A few months ago, Toon Boer from Klaaswaal in the Netherlands, showed us how to rewind a generator armature.
At that time I took it as a challenge. During these months I took a lot of information and bought what was needed to do the job.
Yesterday, as every Monday since the last 11 months, I looked after my parents 87 and 90 years old and today we have a bad weather.
There was some time to spare so I took up the challenge and tried to rewind a generator armature.
Here is what I made out of it.
Thanks Toon for all the help and advice.
It just need to be tested, coated, baked and cleaned.
Looks good. I don't see much insulation though. What did you use for the slot covers (inserts)?
The slots are insulated by two U-forms 0.25mm gasket paper one is in the bottom and the second one slides over the first to close the tunnel.
This all will be blocked by a half round 5mm width hard wood stick before the armature will be coated.
Andre, nice work. I worked in a coal power plant for many years and watched as all different sizes of machines were re wound. About 30 years ago, I tried and have successfully rewound a number of motors and generators. I used to get my supplies, slot sticks, fish paper, etal from the local GE repair shop, but they are now gone. Since I am rather new to the Model T, I have not tried any coil winding on it's generator or starter. Seems most of the bad armatures I have seen generally have a very bad commutators and are not savable. Did you use a coil form to make the individual coils and then place them in the slots? I always had to experiment with the size of the form to obtain a finished product that I could easily assemble and to fit back into the frame. Again nice work. Mike
Here a few photos of what it was and the slots closed by the wood sticks. The armature is cleaned and ready to be tested, coated and baked.
The armature had a short to the ground the commutator needed some attention but was usable.
The coil winding was done on the armature.
It was tricky the first three coils but I think this was because it was the first time I did it.
I have two more armature to practice.
Very interesting!! What gauge of wire and how many turns per location? How much wire total?
Very cool. I want to learn to do that for mine.
The gauge of wire is 0.85mm and there are 10 turns each coil. Each coil takes about 2.1m of wire and there are 21 coils.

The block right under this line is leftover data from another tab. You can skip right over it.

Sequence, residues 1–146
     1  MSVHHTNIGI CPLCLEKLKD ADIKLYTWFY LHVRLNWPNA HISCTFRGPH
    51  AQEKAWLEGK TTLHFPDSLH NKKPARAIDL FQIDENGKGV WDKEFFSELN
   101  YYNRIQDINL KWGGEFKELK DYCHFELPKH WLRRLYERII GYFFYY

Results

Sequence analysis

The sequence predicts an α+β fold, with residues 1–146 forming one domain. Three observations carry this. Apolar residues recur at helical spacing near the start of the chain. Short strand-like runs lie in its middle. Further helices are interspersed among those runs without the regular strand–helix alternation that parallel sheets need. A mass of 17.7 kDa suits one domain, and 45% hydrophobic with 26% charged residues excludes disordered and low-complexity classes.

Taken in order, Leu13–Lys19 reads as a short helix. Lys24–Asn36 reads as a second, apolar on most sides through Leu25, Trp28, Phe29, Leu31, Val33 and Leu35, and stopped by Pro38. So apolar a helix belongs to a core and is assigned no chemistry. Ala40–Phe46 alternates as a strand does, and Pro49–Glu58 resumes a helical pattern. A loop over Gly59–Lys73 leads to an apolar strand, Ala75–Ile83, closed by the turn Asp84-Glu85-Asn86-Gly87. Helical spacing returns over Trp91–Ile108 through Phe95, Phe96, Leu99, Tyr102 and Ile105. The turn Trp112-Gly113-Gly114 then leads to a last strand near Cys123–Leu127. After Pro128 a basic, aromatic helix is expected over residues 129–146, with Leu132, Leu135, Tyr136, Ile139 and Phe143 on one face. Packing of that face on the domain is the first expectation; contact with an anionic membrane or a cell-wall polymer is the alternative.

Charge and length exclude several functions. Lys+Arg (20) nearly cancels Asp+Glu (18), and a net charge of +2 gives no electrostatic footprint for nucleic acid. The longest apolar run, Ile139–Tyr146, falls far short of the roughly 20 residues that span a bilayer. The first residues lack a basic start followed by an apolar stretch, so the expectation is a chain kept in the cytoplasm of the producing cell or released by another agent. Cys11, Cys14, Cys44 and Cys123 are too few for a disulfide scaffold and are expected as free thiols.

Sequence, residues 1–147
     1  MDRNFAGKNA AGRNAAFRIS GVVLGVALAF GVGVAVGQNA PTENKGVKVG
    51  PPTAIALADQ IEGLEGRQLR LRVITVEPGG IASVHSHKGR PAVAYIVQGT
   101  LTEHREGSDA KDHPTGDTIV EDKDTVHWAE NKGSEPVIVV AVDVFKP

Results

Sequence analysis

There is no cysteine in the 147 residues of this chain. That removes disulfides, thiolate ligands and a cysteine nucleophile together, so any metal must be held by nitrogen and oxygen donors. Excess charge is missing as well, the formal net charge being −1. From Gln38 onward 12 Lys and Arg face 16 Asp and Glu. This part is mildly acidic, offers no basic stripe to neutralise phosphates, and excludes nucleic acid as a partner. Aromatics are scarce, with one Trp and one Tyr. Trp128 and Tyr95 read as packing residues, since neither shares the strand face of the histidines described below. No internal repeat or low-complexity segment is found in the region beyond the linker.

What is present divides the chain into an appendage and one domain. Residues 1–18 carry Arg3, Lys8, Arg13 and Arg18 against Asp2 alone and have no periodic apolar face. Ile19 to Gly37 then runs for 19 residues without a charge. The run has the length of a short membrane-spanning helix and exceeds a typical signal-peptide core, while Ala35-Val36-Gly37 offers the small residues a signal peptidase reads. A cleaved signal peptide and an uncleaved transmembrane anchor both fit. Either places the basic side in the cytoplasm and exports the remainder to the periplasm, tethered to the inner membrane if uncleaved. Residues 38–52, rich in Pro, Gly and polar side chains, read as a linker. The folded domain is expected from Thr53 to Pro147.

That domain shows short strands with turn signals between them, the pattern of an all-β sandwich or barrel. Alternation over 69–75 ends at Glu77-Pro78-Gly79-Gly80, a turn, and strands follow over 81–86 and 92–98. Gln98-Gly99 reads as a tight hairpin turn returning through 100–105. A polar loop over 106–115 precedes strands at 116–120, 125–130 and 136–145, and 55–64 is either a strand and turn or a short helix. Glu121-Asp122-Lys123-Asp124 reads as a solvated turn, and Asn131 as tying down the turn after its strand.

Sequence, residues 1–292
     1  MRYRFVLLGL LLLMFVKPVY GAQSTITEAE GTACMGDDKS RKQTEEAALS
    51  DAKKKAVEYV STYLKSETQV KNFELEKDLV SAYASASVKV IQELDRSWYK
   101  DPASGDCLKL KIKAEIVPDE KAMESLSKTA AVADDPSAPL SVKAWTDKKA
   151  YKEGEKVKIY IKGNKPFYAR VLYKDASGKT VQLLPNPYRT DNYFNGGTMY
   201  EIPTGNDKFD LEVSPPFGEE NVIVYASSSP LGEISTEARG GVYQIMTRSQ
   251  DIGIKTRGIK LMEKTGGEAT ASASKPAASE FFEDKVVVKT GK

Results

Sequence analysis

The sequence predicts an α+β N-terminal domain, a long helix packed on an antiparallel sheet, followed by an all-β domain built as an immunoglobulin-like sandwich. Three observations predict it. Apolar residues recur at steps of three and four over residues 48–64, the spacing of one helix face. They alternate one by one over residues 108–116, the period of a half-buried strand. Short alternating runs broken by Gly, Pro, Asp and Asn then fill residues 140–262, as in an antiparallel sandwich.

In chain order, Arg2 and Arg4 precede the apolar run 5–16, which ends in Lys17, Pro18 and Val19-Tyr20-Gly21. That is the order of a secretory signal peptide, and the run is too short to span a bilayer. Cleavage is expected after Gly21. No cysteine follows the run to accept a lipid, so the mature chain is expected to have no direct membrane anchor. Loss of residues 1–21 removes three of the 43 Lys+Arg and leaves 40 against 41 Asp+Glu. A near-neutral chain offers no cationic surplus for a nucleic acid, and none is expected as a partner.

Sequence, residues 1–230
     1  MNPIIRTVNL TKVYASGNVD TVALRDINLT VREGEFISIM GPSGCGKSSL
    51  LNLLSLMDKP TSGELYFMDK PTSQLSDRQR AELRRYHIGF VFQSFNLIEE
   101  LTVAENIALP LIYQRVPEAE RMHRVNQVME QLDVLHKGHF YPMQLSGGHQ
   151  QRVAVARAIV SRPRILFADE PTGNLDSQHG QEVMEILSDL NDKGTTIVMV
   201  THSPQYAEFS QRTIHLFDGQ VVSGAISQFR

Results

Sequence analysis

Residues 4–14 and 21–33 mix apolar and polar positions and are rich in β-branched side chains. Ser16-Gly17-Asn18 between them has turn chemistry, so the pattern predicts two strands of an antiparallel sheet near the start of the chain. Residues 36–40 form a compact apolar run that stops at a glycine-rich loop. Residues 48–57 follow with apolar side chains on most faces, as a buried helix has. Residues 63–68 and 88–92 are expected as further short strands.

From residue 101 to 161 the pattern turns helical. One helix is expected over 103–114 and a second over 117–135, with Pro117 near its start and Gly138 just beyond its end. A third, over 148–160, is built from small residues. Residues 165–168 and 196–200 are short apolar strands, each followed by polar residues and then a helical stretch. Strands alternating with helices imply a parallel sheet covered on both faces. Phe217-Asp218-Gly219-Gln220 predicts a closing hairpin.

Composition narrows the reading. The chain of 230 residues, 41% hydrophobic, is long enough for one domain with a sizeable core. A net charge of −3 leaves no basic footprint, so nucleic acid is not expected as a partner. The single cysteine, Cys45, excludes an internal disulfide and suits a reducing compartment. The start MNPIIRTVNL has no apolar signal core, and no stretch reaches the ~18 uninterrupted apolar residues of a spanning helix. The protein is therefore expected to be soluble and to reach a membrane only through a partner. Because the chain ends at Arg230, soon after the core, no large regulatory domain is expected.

After cleaning the empty core you need to number each connection on the commutator and each slot on the core.
The wiring start low at connection 1 on the commutator and go to slot 4 on the core than to slot 9 and make 10 turns between slot 4 and 9.
The end of the wire is connected to connection 11(high) on the commutator. Connection 2 to slot 5 to slot 10 (10 turns) connection 12 and so on till you made the 21 coils.
The high connections are only made when the 21 low connections and coils are finished.
This done you need to "stitch" each coil that go to each slot. After the stitching, close the slots with insulation paper and seal it with a wooden stick. All done you need to seal the assembly with insulation varnish and bake it. After cleaning it all up and having tested the armature on shorts and on a growler it is ready to be used.
After having it done I understood why the price of a redone armature is that high but I enjoyed doing it and it will be done again.
This is the tread were it all started for me.
Anyone wanting to do this should find a copy of an Lejay Electric Catalog/manual. They will tell you a lot about winding an armature. Good looking job. Here is a link. Dan.
Thanks Dan, I downloaded a copy from scribes. Very cool.
So that seems like 150ft of 20 gauge!!
Interesting project and thank you for the information. I've rewound various transformers and field coils, but never a armature. Maybe one in my future
I don't say it was easy but if I can do it you can do it.
I will do it again, I have two more armature to practice.
I started working as a mechanic in 1976 in a workshop with cars, trucks an tractor, all Ford.
As I did my first steps in the model T world, in 1999, I needed skills I learned in school but I never used in the workshop.
Here I thought I found a solution to repair the generator myself but as I like to be sure doing it right it need to be tested and I arrived at the growler tests for the armature. I have a growler but this I never learned and did before myself. I saw it done but I like to understand what is happening during the tests . What is right and what is wrong
I am looking for someone who can tell me more about the growler tests, more as only the saw blade trick you find on Youtube.
I am 61 years old and 41 years of mechanic experience and I am still learning.
Tomorrow we are leaving for Egypte to make a 6 day scuba dive cruise in the Red Sea and hope to set Model T for one week a side but I think it is going with.
See You in 8 days